Three trends that will shape marketing’s future

By Jonathan Moran, Principal Product Marketing Manager, SAS

I am one of the 76 percent.

A recent study from Adobe titled Digital Distress, found that 76 percent of marketers feel that marketing has changed more in the past two years than it has in the past 50 years. And it’s not showing signs of slowing down – at all. Things are moving quickly, as brand marketers are attempting to handle the digitally empowered, hyper-connected consumer of today.

Offers spew from all available channels and sources, across all platforms and devices in an attempt to capture consumer attention. In this complex and fragmented marketing ecosystem, it can be difficult for brands to deliver an offer that engages and delights a consumer while protecting marketing budgets and goals. But just as fast as brand can get a handle on how to deliver that optimal offer or message, things are going to change again. Here are a few things that I see coming in marketing’s future, and I think they will be here before we know it.

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As a brand marketer, I need to have a single view of my customers that I can use to make quick decisions that are best for the brand and consumer. By removing intermediaries, supply chains are shorter and technology becomes more user-enabling.

Jonathan Moran

Future trend 1: Nonhuman marketing

Brands have more data about consumers than ever before. Why? Because they are collecting it from a growing number of digital channels – including social and mobile applications. And not only are brands collecting channel data, –they are also starting to collect network and device data.

This idea of collecting data streams allows brands to understand how consumers are interacting with networks and devices that they are able to combine with traditional consumer data (demographic and geographic) to improve marketing efforts. But what happens if our devices are empowered to make decisions for us? We are already seeing this with self-driving cars.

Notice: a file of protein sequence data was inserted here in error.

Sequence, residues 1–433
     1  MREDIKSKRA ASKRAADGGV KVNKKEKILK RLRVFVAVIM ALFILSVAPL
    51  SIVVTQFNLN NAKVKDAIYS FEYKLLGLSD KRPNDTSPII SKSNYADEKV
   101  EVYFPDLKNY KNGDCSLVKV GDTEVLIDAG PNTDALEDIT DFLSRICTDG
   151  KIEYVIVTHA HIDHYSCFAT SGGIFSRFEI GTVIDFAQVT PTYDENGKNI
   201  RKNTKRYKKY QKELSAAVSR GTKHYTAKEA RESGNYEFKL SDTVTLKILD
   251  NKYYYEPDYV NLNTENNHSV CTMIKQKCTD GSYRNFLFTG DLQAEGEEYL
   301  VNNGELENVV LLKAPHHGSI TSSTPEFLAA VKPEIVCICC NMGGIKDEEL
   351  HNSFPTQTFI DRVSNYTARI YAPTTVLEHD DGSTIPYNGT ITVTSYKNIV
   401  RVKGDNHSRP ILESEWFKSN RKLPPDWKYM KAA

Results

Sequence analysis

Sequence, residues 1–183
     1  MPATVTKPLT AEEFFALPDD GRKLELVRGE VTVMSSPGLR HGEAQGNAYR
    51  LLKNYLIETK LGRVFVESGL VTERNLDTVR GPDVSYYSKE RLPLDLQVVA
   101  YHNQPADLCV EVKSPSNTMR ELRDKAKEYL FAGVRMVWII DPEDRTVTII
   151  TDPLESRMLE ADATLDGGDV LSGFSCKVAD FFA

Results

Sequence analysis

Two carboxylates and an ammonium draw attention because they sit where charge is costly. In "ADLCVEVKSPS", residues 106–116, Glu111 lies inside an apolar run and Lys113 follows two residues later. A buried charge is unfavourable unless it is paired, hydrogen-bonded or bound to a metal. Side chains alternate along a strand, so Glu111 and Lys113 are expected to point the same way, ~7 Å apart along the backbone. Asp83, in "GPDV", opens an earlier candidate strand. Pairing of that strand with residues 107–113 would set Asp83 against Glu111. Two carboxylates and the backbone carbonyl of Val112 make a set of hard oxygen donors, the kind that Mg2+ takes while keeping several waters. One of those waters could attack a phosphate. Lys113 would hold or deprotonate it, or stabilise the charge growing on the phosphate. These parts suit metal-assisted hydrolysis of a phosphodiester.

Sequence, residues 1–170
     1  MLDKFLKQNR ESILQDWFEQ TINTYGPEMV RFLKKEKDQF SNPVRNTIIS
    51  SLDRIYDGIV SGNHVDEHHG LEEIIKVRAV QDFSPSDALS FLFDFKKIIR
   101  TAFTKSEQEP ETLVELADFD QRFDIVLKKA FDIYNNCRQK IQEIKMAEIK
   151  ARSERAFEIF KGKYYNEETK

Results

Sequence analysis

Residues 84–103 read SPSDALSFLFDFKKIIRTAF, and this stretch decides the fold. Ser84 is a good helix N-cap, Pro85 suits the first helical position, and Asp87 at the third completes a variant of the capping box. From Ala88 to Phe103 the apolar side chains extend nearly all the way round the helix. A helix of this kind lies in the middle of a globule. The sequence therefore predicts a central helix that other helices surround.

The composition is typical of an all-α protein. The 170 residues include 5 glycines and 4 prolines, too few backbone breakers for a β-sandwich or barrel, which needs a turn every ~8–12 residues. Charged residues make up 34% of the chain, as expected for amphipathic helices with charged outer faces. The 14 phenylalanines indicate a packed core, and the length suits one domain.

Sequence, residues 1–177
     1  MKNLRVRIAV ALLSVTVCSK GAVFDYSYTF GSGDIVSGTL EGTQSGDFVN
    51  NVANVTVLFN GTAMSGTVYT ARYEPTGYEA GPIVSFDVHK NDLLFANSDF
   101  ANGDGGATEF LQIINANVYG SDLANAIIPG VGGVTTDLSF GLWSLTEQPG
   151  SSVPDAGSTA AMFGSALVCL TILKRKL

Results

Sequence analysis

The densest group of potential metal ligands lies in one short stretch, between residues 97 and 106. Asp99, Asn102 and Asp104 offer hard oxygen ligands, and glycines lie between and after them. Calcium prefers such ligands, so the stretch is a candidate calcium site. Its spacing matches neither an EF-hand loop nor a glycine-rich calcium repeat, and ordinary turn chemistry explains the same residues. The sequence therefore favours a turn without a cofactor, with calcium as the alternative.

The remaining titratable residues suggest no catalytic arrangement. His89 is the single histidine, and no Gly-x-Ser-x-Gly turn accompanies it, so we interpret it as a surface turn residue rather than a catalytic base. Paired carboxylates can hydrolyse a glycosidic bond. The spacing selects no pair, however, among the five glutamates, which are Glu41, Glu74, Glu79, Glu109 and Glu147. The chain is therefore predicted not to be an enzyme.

What if I could enable my home electronic systems, mobile apps, Fitbit and Apple Watch to make decisions on my behalf? At that point, marketing will need to direct its attention on machines, devices or systems and not to individuals. Sure, the occasional marketing message could be delivered to a human, but nonhuman marketing will be the primary form. Marketing technology providers should certainly be thinking about this as we move into the future.

Future trend 2: Consolidation

Business models and businesses are evolving toward consolidation. Data is being consolidated within organizations (I hope).

The concept of a customer data hub – a place to store all different data types – whether it’s first-party data, third-party data, or indirect data about a customer from elsewhere in the organization– makes all the sense in the world. Why? Brands are starting to understand that customer experience makes the sale, not product or price.

As a brand marketer, I need to have a single view of my customers that I can use to make quick decisions that are best for the brand and consumer. By removing intermediaries, supply chains are shorter and technology becomes more user-enabling.

Today, some businesses serve the sole purpose of aggregating and sourcing products and services for consumers. Amazon is the classic example, but there are hundreds of others.

At, I can buy anything from a TV to a pair of socks in a single click – without ever interacting with Samsung or Woolrich as brands. So who do these brands market to? Not me the consumer – but Amazon as the aggregator – and the message to that aggregator will obviously be much different than the marketing messages of today.

Future trend 3: Applied analytics and inherent intelligence

I talk to people about marketing software technology every day. Never once have I heard someone say – “I really love my marketing technology software – I wish I could spend more time in it you know – just clicking around and hanging out.”

Instead, marketing analysts want to enter the software, perform an action, complete a task and exit the application so that they can get on to other parts of their job and spend less time on the tactical, more on the strategic.

It only makes sense that marketing technology vendors continue to make their interfaces easier to use, embedding more intelligence and requiring less of the end user where possible. This is certainly something worth planning for – the ability to embed and apply analytical techniques – things like automatically derived segmentation, applied marketing activity optimization, embedded forecasting, and other techniques – all in an effort to infuse machine learning style techniques and behaviors into marketing interfaces. After all, if a machine can tell a marketer the best time to execute a campaign, to whom, which content to use, and when to send it out – why wouldn’t a marketer oblige? I know I would.

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